Key Takeaways:

  • Plan your treat consumption in advance by introducing them when you are feeling positive and relaxed, and have already eaten enough to feel comfortably full.
  • Do the math and figure out how much sugar is in your favorite treat by looking at the package or researching online.
  • Clean up your home and remove all sources of sugar from your environment.

utting back on sugar can be hard, but it doesn't have to be.

Here are 3 ways you can start cutting back on sugar today:

1 . Plan your treats in advanced

When it comes to cutting back on sugar, moderation is key. Completely abstaining from sweets often leads to failure—but the context in which you're eating them matters.

Ashley Gearhardt, PhD, an associate professor of psychology at the University of Michigan, helped develop the Yale Food Addiction Scale, a test that pinpoints whether you exhibit addictive eating behavior.

People often crave high-sugar foods when they are lonely or sad, late at night, and without company.

However, take a step back: "Those are not the times to have a moderate scoop of ice cream," she says, as it can spiral into a binge. Instead, introduce the treat foods when you're feeling more positive and relaxed—and have already eaten enough to feel comfortably full.

2 . Do the math

People who are addicted to sugar usually have a pattern of favorite foods. For example, they may always drink flavored coffee or eat certain snacks at the same time each day.

If you realize just how much sugar is in your favorite treat, it can help you stop eating so many sweets, says Laura Schmidt, PhD, professor of health policy at the School of Medicine at University of California, San Francisco.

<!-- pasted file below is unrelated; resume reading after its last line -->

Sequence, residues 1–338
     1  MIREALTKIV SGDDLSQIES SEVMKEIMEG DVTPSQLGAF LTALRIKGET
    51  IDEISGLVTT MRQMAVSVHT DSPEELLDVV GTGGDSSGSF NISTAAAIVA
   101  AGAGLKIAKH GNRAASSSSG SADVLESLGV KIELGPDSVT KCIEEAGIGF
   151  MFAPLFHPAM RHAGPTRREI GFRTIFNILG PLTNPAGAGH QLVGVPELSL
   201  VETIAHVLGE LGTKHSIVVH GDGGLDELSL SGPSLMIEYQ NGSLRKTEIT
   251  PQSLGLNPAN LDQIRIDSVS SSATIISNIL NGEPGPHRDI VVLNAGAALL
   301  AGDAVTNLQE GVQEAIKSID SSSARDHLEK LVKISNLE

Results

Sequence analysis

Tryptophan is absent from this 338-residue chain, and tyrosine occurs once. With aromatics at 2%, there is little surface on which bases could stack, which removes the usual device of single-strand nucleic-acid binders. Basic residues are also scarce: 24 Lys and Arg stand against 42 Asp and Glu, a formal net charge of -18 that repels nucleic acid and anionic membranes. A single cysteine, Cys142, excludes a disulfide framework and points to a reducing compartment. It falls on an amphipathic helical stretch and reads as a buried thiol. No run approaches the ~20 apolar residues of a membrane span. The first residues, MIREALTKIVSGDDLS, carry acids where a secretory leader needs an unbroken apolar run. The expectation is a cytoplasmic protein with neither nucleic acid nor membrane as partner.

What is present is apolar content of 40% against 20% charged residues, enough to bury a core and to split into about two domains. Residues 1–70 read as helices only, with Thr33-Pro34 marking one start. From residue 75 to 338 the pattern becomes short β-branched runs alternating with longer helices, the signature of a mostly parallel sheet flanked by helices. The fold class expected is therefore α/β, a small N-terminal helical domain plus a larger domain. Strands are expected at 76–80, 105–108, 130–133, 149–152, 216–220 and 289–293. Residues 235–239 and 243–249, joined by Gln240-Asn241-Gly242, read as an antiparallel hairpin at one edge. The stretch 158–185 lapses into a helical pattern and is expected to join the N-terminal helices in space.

She suggests looking on the package (or researching it online) and finding out how much sugar is in a serving. Dividing that number by four will give you the amount of teaspoons—a good estimate for daily intake.

Then, measure out that amount of sugar into a glass. "Look at it long and hard," she suggests. "Ask yourself: 'Would I eat this right now?'" The answer will probably be no—which can help you cut back on sweets!

3. Clean up your home

When the University of California, San Francisco decided to stop selling soda as part of their Healthy Beverage Initiative. In just one year the university saw a significant improvement in the health and well-being of students on campus.

"Within 10 months, people dramatically reduced their consumption. Among the positive changes was a reduction in waist circumference," says Schmidt, who's also a scientist behind UCSF's Sugar Science site.

The idea for making this change came from counseling practices that can be applied to alcoholism: They get it out of their environment and grow a supportive group of people in their social circle.

Remove all sources of sugar from your home, and ask your family or close friends whether they'd be willing to do this with you. "Having a group of people in your life who are committed to doing this for their health and longevity will help you stay on track," she says (Source: Oprah).

Clean out the fridge!

Cutting back on sugar in your everyday diet doesn't have to be complicated, and we're here to make it easier.

Follow these three easy tips, and you'll be well on your way in no time.

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Mar 11, 2023

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Pam Penney

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